Evaluation of capsule drug products

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Chapter: Pharmaceutical Drugs and Dosage: Capsules

Drug product testing is generally divided into three stages: 1. In-process testing 2. Finished product testing 3. Shelf-life testing

Evaluation of capsule drug products

Drug product testing is generally divided into three stages:

1. In-process testing, during the manufacture of the drug product. These batteries of tests are carried out at predefined intervals during the product manufacturing, by the manufacturing personnel, and their results recorded on the batch record. Adverse findings in these tests can be used as a guide to alter the manufacturing-process parameters.

2. Finished product testing, after the whole batch has been manufac-tured. These tests help identify whether the batch is acceptable for marketing or its intended usage.

3. Shelf-life testing, after the whole batch has been packaged. These tests are frequently carried out after defined periods of storage at prede-termined conditions. They help to assign and verify the shelf life and usability of the drug product.

In-process tests

Visual inspection of soft gelatin capsules is done to ensure absence of clearly malformed, damaged, or improperly filled capsules. During the encapsula-tion of soft gelatin capsules, the following parameters are usually closely monitored and controlled:

·           Gel ribbon thickness and uniformity across the ribbon

·           Seal thickness

·           Weight of the capsule fill and its variation from capsule-to-capsule

·           Weight of the capsule shell and its variation from capsule-to-capsule

·           Moisture level of the capsule shell before and after drying

Visual inspection, fill weight, and fill-weight uniformity are the key in-process tests used for hard gelatin capsules.

Finished product quality control tests

Permeability and sealing

Soft gelatin capsules are tested for physical integrity (absence of leakage) by visual inspection. Similarly, hard gelatin capsules are tested for any breach of physical integrity (breakage or opened cap and body).

Potency and impurity content

All capsules are tested for drug content (potency, as a percent of label claim). In addition, most drug products are tested for the related substances or impuri-ties. These must meet predefined specifications for a batch to be acceptable.

Average weight and weight variation

Ten hard gelatin capsules are usually weighed individually and the con-tents are removed. The emptied shells are individually weighed and the net weight of the contents is calculated by subtraction. The content of active ingredient in each capsule may be determined by calculation based on the percent drug content in the formulation for high drug load formulations.

For soft gelatin capsules, the gross weight of 10 gelatin capsules is deter-mined individually. Then each capsule is cut open, and the contents are removed by washing with a suitable solvent (that dissolves the fill but not the shell). The solvent is allowed to evaporate at room temperature, fol-lowed by weighing of the individual washed shells. The net contents are calculated by subtraction and the content of active ingredient in each of the capsules can be determined by calculation based on the percent drug content in the formulation.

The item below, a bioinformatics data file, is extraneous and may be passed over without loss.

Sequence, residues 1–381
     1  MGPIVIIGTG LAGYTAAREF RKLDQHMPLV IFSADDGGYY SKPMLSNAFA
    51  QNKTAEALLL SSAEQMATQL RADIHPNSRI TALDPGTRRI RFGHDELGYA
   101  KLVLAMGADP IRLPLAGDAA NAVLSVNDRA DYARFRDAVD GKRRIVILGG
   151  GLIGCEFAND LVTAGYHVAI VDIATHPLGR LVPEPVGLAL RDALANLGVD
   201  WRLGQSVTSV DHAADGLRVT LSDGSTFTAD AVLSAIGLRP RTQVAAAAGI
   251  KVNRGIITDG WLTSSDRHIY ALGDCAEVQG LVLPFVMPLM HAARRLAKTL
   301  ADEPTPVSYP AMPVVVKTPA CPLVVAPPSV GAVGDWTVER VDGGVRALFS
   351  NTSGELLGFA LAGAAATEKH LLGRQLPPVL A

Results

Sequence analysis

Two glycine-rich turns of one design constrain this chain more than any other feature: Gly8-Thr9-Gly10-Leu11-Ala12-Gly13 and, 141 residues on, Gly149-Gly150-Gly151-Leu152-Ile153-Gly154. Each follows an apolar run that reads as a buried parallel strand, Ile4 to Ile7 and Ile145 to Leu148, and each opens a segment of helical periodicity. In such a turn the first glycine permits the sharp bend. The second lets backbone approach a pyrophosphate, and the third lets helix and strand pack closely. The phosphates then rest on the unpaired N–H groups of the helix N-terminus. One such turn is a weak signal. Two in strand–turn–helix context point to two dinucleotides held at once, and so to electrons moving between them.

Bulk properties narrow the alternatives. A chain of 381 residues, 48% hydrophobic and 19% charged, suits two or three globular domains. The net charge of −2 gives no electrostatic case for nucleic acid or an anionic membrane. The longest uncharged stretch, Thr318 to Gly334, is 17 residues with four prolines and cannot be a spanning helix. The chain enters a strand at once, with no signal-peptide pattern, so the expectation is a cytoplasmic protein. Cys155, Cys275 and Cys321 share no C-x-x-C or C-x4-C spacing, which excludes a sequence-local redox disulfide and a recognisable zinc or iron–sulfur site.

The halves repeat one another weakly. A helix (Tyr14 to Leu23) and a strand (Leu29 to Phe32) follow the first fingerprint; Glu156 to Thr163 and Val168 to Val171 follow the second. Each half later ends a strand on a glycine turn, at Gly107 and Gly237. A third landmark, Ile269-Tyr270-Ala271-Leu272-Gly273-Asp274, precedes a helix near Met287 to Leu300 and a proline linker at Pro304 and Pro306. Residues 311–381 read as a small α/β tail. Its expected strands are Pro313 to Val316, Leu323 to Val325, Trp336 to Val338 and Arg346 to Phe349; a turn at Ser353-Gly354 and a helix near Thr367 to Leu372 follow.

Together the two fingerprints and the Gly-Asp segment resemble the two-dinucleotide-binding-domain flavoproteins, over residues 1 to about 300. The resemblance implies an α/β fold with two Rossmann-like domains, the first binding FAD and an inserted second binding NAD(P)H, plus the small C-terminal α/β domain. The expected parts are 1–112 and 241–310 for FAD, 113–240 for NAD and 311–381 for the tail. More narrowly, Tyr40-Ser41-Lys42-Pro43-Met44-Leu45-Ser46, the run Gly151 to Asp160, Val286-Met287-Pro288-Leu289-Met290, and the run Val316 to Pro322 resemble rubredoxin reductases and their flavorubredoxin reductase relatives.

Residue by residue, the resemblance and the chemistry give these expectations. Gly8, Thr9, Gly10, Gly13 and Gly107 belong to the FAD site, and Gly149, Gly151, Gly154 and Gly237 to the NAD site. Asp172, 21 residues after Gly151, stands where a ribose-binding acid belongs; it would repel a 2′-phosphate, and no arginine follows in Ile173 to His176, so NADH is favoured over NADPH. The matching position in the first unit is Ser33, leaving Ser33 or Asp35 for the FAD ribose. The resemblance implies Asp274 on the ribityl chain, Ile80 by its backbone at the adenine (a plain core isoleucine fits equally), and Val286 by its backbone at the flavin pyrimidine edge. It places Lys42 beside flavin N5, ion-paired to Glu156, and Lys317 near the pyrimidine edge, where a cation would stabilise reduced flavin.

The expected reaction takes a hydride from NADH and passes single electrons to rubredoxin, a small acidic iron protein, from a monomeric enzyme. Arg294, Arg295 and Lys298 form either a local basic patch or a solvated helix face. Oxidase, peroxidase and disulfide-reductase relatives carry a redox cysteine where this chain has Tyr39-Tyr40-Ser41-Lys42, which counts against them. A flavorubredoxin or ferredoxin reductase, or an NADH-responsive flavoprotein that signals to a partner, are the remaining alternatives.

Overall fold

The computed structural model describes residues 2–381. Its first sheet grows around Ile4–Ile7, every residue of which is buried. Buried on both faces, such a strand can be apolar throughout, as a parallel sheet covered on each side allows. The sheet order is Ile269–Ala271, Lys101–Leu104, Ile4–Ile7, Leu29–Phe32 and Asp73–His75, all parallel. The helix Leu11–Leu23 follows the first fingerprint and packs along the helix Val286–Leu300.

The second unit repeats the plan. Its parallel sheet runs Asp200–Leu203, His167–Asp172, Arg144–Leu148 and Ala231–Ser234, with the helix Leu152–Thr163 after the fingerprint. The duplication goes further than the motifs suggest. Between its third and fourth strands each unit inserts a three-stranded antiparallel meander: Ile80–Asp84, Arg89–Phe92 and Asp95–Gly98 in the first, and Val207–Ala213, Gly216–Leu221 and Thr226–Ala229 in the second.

Fill-weight variation of capsules is often a function of equipment setup and filling operation. An automated capsule sizing machine and/or weight checker is frequently used to discard over- or underfilled capsules.

Uniformity of content

Uniformity of content of the active ingredient can be determined by weight variation of the fill of hard or soft gelatin capsules for high drug load (API ≥25% w/w of the total fill weight), high fill-weight (250 mg/capsule) formu-lations. For low drug load and low fill-weight formulations, each capsule must be analyzed individually by the potency method for the content of the active ingredient. The uniformity of content is assured if predetermined criteria for the range and variation in the content of the active ingredient are met.


Disintegration of hard and soft gelatin capsules is evaluated to ensure that the drug substance is fully available for dissolution and absorption from the GI tract. The disintegration media varies depending on the type of capsules to be tested.


Drug absorption and physiological availability depend on the drug sub-stance being in the dissolved state at the site of drug absorption, viz. the GI fluids. The rate and extent of dissolution of the drug from the capsule dosage form is tested by a dissolution test. Dissolution test provides means of quality control in ensuring that (a) different batches of the drug prod-uct have similar drug release characteristics and (b) that a given batch has similar dissolution as the batch of capsules that was shown initially to be clinically effective.

Moisture content

Water content of the entire capsule or the capsule contents are determined by Karl Fisher titrimetry to enable the correlation of water content with the degradation profile or drug-release characteristics of capsules.

Microbial content

The capsules are tested to ensure lack of growth of bacteria and mold by microbiological tests. These tests are usually carried out by incubation of the capsule contents in a growth medium and counting the colonies formed after a predefined period of time. Selection of the growth medium and duration of the test, as well as maintenance of aseptic conditions during the testing, are critical to successful assessment of microbial contamination by this method.

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